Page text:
And so while it comes across as very challenging and very strong, Jesus is simply holding up reality. And as he does so many times, Jesus says, “Do not fear.” They are not to fear their opponents because while their opponents may be able to hurt them physically, they can do them no spiritual harm. God, however, is the one who has power over both body and spirit, and God has promised to guard and protect them and bring them to eternal life. The God who created and tends every living thing, values them more than anything. God cares for the sparrows; how much more does God care for us.
Lord knows, our situations are far, far different from those earlier followers of Jesus. Although in some parts of the world, in parts of the Middle East, in parts of Africa, it may be very much like the situation of the early church, and one can face danger and even death simply for being a follower of Jesus.
We thankfully do not live in that kind of environment. But what we do have in common with the early church is this issue of fear. We all have to face fear.
Now at times, Jesus’ sayings are in the category of hyperbole. At least, when he says he has come not to bring peace but a sword and to set a son against his father and a daughter against her mother, I certainly hope it is hyperbole. But he is addressing a very real issue. There is a cost to being a disciple. It is not simply that becoming a follower of Jesus could mean drastic changes for family relationships; Jesus is getting at a core fear of most of us, and that is the fear of conflict. Nobody wants conflict, and we want it least of all in our families.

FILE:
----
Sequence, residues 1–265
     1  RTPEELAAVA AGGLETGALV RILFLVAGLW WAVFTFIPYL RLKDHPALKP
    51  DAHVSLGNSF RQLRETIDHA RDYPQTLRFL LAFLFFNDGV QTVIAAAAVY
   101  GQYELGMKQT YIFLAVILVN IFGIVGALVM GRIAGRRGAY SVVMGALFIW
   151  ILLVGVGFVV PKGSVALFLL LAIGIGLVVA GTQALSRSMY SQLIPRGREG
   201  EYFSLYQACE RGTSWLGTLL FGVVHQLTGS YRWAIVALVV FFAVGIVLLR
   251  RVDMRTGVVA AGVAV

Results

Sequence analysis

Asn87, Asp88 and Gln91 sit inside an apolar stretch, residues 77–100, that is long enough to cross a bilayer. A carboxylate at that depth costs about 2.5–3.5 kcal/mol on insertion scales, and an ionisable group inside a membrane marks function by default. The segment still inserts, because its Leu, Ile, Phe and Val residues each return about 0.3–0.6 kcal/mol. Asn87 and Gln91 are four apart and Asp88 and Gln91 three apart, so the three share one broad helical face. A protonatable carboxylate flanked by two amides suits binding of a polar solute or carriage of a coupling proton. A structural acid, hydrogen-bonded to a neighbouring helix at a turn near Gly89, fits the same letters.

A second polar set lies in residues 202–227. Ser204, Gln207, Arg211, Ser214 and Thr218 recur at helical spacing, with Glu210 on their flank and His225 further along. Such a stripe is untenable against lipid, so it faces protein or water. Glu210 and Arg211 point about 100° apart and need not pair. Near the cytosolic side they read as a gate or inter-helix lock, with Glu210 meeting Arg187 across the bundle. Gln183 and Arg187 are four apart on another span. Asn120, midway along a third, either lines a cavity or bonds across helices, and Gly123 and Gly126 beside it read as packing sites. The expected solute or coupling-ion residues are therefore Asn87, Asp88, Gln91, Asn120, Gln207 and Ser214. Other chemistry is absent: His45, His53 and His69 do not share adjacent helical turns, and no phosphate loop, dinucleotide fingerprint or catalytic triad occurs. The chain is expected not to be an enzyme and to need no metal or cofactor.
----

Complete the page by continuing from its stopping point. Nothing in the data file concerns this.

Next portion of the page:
This includes church families. We can get so afraid of conflict, so worried about disagreements that our witness is muted, our voices are quieted, and new, fresh, creative ministry is limited for fear of upsetting the apple cart. Jesus invites us to remember that there are worse things than conflict and that following him will in fact have costs – including at times conflict, even among families.
Jesus’ pep talk, if you want to call it that, invites us to acknowledge how much fear has influence over our lives. You might be thinking that no, you don’t spend a lot of time or don’t use up a lot of emotional energy being afraid. But after reflecting on it, I think fear is bigger in our lives than we might at first believe. We have just gotten so used to it that we may not notice very much.